I was trying to earn a living by hitch-hiking around the country and doing fire-breathing on street corners, and on one occasion my act was meant to be the support for a band called On A Friday who were performing in the upstairs room of a pub in Oxford called the Jericho Tavern. The band secured management that very night and a record deal shortly afterwards. I had been prevented from doing my act by the landlord who cited fire regulations, an act of callous sabotage my fire-breathing career never recovered from. Fortunately, the band renamed themselves ‘Radiohead’ and phoned me up, asking if I was any good at doing record covers. I didn’t know, but I thought I could give it a go.

 

I consider your work on ‘Hail to the Thief’ as a true masterpiece, enough so that I have hung on my walls. What’s your personal favourite work you’ve created for them?

 

That’s a hard one. I think maybe ‘In Rainbows’. Or ‘A Moon Shaped Pool’, perhaps. Neither of those ended up even remotely as I’d intended, which for me’s a good thing. I did like ‘Hail To The Thief’ too though.

 

What is the process like between the band working on an album, coming to you with the concept and you producing your final work – do they give you a brief?

 

No, there’s no brief or concept. Usually I started pretty much when they did, so quite early, when they’re rehearsing and making songs and trying out ideas. I’ve worked in the studio, or quite close to it. For ‘Moon Shaped Pool’ I was working in a kind of barn that was across a courtyard from the recording studio, and we had a wire running across and some big speakers installed in the barn. That was a great painting studio. It was in Provence and it was fucking brilliant. Beautiful countryside and lots of white wine.  Sometimes Thom has some visual ideas that he’s tried to convince me of but then again, sometimes I have ideas too. Usually, we try to utilise our initial ideas, but they haven’t ever really worked. I suppose they’re a useful place to start. I frequently begin with a hollow sense of yawning emptiness and fear that I’ve run out of steam and my paltry abilities will be exposed to the harsh light of reality. It’s quite horrible.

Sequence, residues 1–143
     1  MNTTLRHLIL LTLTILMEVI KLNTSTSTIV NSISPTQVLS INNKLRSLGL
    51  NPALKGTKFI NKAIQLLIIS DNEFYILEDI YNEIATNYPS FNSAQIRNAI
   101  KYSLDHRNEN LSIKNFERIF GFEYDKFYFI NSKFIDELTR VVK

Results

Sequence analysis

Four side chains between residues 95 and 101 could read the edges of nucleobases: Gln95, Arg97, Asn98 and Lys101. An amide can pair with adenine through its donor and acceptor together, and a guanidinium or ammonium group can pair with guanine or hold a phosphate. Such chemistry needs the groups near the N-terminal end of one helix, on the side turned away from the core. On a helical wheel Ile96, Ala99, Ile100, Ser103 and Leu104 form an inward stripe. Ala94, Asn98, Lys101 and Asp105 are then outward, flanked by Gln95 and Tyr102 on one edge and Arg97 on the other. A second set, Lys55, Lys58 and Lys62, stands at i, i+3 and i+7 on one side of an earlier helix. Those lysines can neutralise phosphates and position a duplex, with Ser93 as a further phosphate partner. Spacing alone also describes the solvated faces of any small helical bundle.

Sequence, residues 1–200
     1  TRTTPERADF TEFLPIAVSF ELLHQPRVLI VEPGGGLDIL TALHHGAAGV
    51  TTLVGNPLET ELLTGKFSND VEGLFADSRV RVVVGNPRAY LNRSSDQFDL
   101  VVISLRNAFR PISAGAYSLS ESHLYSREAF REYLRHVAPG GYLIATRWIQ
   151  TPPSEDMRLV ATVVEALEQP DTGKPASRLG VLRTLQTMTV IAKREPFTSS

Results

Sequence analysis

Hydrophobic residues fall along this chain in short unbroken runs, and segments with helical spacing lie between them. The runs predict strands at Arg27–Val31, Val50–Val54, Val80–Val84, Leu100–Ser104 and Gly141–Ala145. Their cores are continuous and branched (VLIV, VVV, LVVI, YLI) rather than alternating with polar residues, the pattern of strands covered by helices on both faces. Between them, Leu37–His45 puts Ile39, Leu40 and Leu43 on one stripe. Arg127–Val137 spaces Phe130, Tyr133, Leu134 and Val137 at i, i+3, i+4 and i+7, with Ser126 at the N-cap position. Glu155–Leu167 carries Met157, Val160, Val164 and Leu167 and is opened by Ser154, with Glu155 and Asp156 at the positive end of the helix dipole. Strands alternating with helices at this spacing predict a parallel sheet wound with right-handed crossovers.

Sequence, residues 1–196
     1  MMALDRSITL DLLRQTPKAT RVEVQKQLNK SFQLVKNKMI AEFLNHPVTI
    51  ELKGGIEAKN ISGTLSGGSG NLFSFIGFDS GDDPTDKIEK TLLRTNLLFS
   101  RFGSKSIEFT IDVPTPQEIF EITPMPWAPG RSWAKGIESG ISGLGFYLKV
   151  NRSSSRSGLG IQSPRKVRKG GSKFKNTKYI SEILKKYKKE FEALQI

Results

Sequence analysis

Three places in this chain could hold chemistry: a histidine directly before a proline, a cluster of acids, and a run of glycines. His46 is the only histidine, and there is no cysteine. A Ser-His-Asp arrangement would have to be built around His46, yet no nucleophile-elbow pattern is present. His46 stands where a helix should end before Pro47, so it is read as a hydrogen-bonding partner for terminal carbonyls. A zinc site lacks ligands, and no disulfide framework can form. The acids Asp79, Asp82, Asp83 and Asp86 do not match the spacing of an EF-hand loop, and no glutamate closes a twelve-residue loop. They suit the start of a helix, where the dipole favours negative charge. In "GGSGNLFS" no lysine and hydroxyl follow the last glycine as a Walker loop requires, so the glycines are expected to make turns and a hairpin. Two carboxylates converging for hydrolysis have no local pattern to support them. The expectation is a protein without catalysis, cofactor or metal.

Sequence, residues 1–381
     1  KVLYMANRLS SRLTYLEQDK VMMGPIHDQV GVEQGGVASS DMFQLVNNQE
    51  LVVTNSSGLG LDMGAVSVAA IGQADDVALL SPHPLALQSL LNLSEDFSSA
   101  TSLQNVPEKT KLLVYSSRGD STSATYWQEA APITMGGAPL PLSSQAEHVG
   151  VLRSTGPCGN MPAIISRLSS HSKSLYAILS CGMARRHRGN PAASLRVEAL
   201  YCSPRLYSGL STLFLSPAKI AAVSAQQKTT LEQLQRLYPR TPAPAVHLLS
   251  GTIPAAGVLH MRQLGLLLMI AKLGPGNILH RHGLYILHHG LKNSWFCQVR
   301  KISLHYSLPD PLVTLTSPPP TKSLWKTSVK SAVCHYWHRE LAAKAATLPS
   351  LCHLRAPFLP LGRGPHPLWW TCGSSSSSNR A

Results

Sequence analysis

Strange because your art seems to always fit perfectly with the feel or sound of what the band release… 

 

Well, that’s always good to hear. I do try. It’s probably because I’m immersed in the music throughout.

 

Have they ever rejected or been unhappy something you’ve produced?

 

There was an instance when I wanted to make giant topiary cocks out of chicken wire and astroturf for the record that became Hail to The Thief, but usually things have been pretty chill. You can read about this, as well as various other indignities in a book I made called There will Be No Quiet. Thames & Hudson, twenty-five quid. A bargain, that’s only 50p for each year of my life.

 

Obviously you listen to Radiohead, night and day. Are there any other artists you think ‘yeah, I’d do a good job of creating their artwork’?

 

I hardly ever listen to Radiohead normally. I think I overdo it while making the artwork. Well, I definitely overdo it. I kind of wish I’d done a cover for David Bowie. A lot of his later record covers were a little questionable. But then, maybe mine are, you know. It’s all extremely subjective.

 

What is your own favourite creation?

 

My favourite thing out of everything might be Hell Lane or February Holloway. And in 2007 I made a series of photographic etchings I was very happy with. Oh yeah, and I made a load of drawings for an as-yet unrealised project called Modernland. I used some of them on Thom’s record that was called Tomorrow’s Modern Boxes. They were very serious, quite threatening pictures which were meant to be documents from a destroyed world. Messages from the future.

 

Are you dark by nature?

 

I’m a pussycat. Ask anyone.